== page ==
Three San Antonio police officers — who were suspended 15 days each for the brutal assault of an innocent man — had their suspensions shortened to five days.
Roger Carlos was with his wife on a May afternoon, taking pictures of a building she planned on starting a medical practice in. All of sudden, two SWAT officers and an undercover cop reportedly approached Carlos and started beating him to a pulp.
“These guys, they beat me like a bunch of thugs,” Carlos told KENS 5 News.
Carlos claims the officers struck him about 50 times. He added that he was not fighting back, was completely compliant and explained to the officers that he was the owner of the building as they handcuffed him.
Apparently, the police had been involved in a car chase with a man named Josue Rodriguez, who was wanted on a felony warrant. A fourth officer appeared and informed his colleagues that they arrested Rodriguez nearby. The three San Antonio police officers had apparently brutally attacked the wrong guy.
Carlos suffered injuries to the face, neck and back. He had broken teeth and had two surgeries that reportedly accumulated to $15,000 in medical bills.
“I could understand taking somebody down hard,” Carlos added. “I can understand the need for that and securing them, but that’s not what happened.
"I got on the ground, I was no threat to anybody, I was fully compliant.”
The real culprit had parked his car in the parking lot of a nearby restaurant — a few hundred feet away from the building Carlos was in. Rodriguez, 27, was also beaten. His mugshot showed some minor cuts, a bruised eye and scrapes.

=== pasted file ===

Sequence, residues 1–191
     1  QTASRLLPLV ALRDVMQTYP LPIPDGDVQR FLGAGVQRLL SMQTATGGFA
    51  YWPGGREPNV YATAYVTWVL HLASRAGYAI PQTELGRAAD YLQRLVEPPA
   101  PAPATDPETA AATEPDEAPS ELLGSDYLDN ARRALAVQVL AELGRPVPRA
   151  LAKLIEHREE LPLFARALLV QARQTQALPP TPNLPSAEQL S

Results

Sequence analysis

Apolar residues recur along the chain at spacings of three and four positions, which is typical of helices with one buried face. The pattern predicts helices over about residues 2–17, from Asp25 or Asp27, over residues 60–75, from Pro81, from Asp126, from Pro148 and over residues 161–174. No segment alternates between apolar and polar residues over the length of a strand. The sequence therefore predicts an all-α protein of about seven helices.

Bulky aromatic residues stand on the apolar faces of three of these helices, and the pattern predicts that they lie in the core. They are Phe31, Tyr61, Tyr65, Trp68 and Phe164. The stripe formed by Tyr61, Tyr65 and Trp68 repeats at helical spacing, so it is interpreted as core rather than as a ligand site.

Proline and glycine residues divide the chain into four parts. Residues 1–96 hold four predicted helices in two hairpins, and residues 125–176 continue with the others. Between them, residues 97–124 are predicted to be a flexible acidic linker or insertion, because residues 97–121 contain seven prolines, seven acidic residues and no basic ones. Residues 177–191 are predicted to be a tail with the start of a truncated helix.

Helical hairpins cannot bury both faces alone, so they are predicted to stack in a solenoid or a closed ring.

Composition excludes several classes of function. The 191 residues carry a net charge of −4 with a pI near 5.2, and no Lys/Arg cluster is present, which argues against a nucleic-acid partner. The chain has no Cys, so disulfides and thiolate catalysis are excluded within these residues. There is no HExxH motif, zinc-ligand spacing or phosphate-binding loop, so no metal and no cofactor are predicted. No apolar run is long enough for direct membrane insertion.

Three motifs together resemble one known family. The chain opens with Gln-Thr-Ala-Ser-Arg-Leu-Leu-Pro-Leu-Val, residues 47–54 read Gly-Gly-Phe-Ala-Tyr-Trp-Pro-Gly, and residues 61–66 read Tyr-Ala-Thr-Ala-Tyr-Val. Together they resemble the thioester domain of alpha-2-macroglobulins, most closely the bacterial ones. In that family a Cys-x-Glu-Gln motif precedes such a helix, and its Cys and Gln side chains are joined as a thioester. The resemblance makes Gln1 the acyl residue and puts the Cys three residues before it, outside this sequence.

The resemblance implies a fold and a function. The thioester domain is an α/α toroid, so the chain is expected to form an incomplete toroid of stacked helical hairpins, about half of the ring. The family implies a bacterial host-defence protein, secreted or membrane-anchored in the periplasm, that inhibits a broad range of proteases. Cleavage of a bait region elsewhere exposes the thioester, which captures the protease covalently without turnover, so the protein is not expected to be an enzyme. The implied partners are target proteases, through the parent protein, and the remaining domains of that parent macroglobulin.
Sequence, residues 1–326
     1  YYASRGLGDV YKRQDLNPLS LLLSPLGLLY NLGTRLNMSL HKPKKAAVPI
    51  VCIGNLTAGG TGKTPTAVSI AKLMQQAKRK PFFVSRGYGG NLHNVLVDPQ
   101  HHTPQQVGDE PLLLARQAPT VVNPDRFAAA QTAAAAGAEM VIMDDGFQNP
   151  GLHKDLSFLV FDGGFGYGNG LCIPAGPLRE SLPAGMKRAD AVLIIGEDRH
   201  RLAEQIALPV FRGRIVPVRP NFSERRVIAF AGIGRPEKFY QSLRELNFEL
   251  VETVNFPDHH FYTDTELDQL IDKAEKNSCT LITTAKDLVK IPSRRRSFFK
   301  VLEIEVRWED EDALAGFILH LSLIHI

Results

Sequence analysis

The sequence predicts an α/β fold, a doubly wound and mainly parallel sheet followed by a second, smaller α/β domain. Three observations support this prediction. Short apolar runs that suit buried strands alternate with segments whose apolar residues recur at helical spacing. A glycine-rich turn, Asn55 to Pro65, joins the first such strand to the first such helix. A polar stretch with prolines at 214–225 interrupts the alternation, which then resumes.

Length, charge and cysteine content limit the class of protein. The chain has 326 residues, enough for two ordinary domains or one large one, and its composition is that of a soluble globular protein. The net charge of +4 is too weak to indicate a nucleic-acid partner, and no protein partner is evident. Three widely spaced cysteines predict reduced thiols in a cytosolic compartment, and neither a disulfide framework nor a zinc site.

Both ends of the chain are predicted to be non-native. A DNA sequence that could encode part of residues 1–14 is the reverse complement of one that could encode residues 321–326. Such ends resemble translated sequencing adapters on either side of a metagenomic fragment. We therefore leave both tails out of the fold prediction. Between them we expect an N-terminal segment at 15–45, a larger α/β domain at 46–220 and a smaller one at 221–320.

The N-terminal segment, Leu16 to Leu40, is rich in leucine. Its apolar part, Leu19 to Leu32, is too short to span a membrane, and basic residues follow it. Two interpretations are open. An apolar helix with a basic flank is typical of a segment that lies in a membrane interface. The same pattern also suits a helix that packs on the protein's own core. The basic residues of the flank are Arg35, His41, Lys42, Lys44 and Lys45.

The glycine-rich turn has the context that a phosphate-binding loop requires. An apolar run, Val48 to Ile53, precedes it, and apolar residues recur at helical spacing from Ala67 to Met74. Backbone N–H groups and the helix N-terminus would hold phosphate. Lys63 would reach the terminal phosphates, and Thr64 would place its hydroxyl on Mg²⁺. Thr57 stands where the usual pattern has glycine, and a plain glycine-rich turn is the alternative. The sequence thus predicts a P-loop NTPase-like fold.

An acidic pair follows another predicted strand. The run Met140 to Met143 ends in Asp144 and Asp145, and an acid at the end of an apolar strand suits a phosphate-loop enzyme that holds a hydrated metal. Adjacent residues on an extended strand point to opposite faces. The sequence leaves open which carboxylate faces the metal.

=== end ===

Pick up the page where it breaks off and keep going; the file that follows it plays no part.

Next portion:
Authorities said they found a sawed-off shotgun in Rodriguez’s car, along with ammunition and 20 grams of methamphetamine. He was charged with possession of an illegal firearm, evading and resisting arrest, and possession of a controlled substance.
The SWAT officers who mistook Carlos for Rodriguez were identified as Carlos Chavez and Virgilo Gonzalez. The undercover cop’s name was not disclosed given the nature of his job.
The San Antonio Police Department’s big three were suspended for 15 days late last year, but Police Chief William McManus cut their punishment to just five days before his retirement.
Anthony Trevino, the new chief, stands by the decision. “Discipline was imposed after careful consideration of all facts,” Trevino said in a statement. “The outcome in this case is indicative of our desire to serve our public and protect the rights of all involved.”
McManus had said in July that he did not see anything that gave him reason to believe the officers used excessive force on Carlos but he refused to offer KENS 5 News any photos of his injuries.
Carlos says he is still in shock that officers could get away with something like this.
“To this day I almost cannot believe it happened to me,” said Carlos, adding that he feels the suspensions were not long enough. “Definitely the benefit of a doubt has gone away as far as SAPD is concerned.”